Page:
Monthly Archives: June 2015

“It’s not our fault, those nasty GPs made us do it”

“Morning, how are you? So you’re struggling with your knee? Ok, let’s take a look, pop up on the couch.

Right, what I suggest for the time being is some anti-inflammatories and gentle exercise. It’s better to avoid those drill wielding hospital doctors for as long as possible. It’s a bit of a slippery slope once you embark on the surgical route. Let’s see if time and patience will do the trick.

Hello again, no better? Physiotherapy for you then I think. They can work wonders.

Still no better? Righto, let’s get an X-ray sorted and we’ll get you off to the orthopaedic guys, to see if they can help. There are a number of possibilities and treatment options depending on X-ray and scan results, let’s see what they say.”

So, this is option one. This is what goes on in every GP surgery, every week of the year, but let’s take a look at the parallel universe of the British Orthopaedic Association.

“Morning, how are you? So you’re struggling with your knee? Ok, let’s get an MRI and ask the orthopaedic surgeons to see you.

REALLY??? Are you serious?

General Practice and Practitioners are becoming inured to the constant barrage of abuse and approbation from politicians and the media, but there is a particularly offensive sting to ill-considered criticism from colleagues, who frankly should know better than to throw stones in their secondary care glasshouses.

http://www.boa.ac.uk/latest-news/boabask-response-to-media-reports-regarding-knee-arthroscopy/

The phrase, “…….if GPs are doing their job properly….” has a wonderfully arrogant and patronising ring to it don’t you think? And as for, “………performance of this investigation (MRI) replaces the traditional medical skills of history taking and physical examination of the patient…”, well frankly, words fail me.

General Practice effectively manages the vast proportion of clinical presentations without the need to refer to secondary care. Those that are referred are done because further management is beyond the clinical expertise of the referrer, hence transition to the supposed ‘specialist’.

But it appears not. Orthopaedic surgeons are apparently incapable of utilising “the traditional medical skills of history taking and physical examination of the patient”. Nor are they able to deal effectively with patient expectation. No, instead it appears it’s the GPs fault for not managing the patients properly in the first place.

If we listen carefully outside the orthopaedic clinics, we will hear the bleating cries of the poor little lambs, “we didn’t want to do an arthroscopy, those nasty GPs made us do it.”

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NHS Titanic

I’m not known for being a drama queen, (stop muttering at the back!) but I’m getting increasingly edgy with Primary Care strategy planning, so perhaps a little drama is actually required.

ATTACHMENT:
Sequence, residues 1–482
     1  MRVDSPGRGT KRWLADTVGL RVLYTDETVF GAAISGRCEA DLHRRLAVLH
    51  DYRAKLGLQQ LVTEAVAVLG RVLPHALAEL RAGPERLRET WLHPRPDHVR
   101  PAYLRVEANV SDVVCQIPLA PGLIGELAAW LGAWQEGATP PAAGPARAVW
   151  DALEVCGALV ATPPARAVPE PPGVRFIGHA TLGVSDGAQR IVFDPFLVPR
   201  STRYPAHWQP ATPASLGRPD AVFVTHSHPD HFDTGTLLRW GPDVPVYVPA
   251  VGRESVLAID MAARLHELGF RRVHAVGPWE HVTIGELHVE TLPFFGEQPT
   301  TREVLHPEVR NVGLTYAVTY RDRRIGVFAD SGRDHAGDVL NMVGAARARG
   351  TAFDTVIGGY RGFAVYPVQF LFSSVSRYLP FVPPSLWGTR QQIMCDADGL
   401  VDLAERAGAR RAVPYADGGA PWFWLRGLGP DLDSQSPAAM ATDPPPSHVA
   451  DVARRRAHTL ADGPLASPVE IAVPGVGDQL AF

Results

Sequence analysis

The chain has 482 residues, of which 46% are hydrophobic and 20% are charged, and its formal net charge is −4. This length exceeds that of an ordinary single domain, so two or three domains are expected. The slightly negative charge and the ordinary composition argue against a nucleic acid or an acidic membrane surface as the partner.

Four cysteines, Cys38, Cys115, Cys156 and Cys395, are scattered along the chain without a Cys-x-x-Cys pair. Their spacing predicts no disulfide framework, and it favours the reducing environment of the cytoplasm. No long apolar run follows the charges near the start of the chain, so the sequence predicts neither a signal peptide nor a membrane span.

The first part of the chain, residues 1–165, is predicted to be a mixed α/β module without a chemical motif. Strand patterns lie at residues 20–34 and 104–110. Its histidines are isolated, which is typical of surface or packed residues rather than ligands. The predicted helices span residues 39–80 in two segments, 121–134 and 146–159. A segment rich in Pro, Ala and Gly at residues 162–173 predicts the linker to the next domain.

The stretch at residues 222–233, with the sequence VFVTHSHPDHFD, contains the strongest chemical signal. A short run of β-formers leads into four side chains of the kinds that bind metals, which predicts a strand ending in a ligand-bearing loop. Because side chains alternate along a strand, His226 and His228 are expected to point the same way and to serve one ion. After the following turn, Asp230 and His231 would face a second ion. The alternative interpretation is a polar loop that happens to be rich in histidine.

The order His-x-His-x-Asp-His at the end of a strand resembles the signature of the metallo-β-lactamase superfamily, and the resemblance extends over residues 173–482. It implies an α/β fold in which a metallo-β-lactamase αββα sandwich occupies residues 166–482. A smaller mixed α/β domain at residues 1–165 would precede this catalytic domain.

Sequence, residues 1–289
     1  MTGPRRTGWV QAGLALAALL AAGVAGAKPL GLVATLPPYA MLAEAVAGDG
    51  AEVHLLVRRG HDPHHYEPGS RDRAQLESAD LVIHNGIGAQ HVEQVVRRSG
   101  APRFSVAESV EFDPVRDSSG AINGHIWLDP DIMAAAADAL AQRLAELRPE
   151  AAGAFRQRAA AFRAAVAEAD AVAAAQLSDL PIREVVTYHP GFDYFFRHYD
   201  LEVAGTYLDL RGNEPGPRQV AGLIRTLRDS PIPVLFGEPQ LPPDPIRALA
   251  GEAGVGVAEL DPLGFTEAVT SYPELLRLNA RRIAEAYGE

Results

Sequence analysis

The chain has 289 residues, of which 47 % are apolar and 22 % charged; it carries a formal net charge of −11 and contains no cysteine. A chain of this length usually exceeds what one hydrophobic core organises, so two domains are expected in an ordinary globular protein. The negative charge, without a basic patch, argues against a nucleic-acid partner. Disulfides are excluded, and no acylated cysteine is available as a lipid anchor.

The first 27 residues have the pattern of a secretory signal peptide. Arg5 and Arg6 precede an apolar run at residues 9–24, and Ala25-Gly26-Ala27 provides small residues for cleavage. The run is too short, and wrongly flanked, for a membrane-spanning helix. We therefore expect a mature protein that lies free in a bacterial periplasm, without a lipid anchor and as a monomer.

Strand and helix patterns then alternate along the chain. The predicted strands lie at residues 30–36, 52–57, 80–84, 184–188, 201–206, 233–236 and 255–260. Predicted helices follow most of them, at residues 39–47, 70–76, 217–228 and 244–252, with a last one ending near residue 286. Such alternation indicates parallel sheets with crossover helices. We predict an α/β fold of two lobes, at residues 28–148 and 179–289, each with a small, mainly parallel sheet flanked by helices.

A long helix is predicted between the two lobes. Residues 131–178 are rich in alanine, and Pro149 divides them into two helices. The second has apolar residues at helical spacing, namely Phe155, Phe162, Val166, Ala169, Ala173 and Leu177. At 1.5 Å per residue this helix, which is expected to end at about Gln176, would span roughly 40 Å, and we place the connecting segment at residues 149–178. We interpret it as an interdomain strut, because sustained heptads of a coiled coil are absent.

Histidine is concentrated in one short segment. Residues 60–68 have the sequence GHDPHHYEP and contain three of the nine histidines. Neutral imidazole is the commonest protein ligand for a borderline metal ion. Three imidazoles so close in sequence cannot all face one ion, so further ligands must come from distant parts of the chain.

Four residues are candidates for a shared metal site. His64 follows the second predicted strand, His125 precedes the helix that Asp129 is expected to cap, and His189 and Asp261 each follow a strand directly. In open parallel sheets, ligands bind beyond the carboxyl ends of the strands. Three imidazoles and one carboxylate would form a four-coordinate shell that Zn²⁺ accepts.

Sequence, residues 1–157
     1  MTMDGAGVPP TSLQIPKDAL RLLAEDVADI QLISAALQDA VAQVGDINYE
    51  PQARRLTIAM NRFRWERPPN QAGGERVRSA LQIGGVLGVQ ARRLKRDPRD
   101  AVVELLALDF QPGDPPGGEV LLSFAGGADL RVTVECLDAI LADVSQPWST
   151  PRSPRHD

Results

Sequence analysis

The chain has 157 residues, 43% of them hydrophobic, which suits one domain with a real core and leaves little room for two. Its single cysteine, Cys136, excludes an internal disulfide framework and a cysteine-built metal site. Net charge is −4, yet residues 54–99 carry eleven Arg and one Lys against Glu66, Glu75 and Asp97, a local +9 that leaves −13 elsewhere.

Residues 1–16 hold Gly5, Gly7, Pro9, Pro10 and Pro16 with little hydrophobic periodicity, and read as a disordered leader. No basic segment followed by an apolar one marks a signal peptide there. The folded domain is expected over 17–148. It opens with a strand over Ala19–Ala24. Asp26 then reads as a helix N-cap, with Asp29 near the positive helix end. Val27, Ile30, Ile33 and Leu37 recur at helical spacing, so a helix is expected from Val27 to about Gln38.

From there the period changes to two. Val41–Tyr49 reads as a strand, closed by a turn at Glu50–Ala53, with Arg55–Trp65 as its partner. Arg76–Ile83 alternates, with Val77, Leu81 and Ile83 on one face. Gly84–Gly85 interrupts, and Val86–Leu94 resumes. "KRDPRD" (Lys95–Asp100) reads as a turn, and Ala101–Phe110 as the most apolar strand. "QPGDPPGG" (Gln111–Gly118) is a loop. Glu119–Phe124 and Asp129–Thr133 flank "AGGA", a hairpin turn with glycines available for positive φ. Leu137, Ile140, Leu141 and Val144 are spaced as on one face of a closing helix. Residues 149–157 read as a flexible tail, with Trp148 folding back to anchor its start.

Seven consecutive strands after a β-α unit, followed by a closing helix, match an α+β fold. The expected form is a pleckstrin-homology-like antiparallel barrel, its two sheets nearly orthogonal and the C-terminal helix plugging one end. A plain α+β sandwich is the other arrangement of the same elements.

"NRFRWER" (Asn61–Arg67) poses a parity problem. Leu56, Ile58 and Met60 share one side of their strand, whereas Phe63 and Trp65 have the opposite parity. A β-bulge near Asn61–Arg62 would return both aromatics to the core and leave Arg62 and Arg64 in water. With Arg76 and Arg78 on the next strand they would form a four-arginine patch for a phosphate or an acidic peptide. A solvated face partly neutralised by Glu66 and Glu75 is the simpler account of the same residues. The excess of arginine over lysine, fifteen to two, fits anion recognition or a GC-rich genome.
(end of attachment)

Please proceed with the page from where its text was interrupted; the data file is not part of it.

This morning opened with Jeremy Hunt’s vision for the future of General Practice.

10,000 new clinicians

Improved marketing

New data to highlight under-doctored areas

And that piece de resistance, 7 day access

All day, the Twitter feed and Facebook page of ResilientGP has been buzzing with angry, disaffected GPs venting their spleen at this charade; calls to arms, suggestions of mass resignation, genuine despair.

Examples abound of 7 day access pilots shutting their doors because of limited interest in weekend appointments, surgeries closing because of inadequate funding, story after story of the dumbing down of Primary Care Services. I’ll share one with you…..

“It would appear that my locum services and that of my three GP colleagues are no longer required at one surgery that we work at. We have been replaced by 2 (yes 2) Nurse Practitioners who will apparently do the same work, charge less and have agreed to sign the lease to the building.

News of this came ironically after I had just been reviewing a patient who our Nurse Practitioners had been dealing with for the past 12 months – normal spirometry but on Spiriva, Symbicort and theophylline for ‘chronic cough’. After loads of scripts for steroids, expensive inhalers and antibiotics, the patient came to see me as she had been told by said Nurse Practitioner that she needed a referral to the allergy clinic as nothing is working. (Even had the name of the allergy consultant written down that I ‘had’ to refer to).

After 1 year of inappropriate management, she has now been sorted with some omeprazole.

Nurse Practitioners and Physician Assistants – really the future of General Practice???”

Now, don’t get me wrong, nurse practitioners are highly skilled professionals in their own right and I’m all for skill mix, but how can this be right? We have seen the chaos that has been created with 111 by taking clinicians out of the triage process; inappropriate use of the ambulance service, increased waiting times in A&E, ramped up demand in Primary Care and reduced self-care, (after all, you can’t be too careful!)

Do the public realise that the official strategy to the future of the NHS is this dumbing down?

It takes years of training and experience to practice medicine effectively, safely and cost-effectively. Patient safety will be compromised, costs will rocket, the Secondary Care system will collapse with the lack of risk management.

And what’s with this extra marketing business? That’s like standing on the deck of the Titanic after it had hit the iceberg saying “Roll up for the most amazing cruise of your life, sign up, sign up……” The only people coming aboard this Titanic will be the treasure hunters after it has sunk!

I feel like standing on a soap box on Hyde Park corner, I’m no soothsayer, but the end of the NHS is nigh.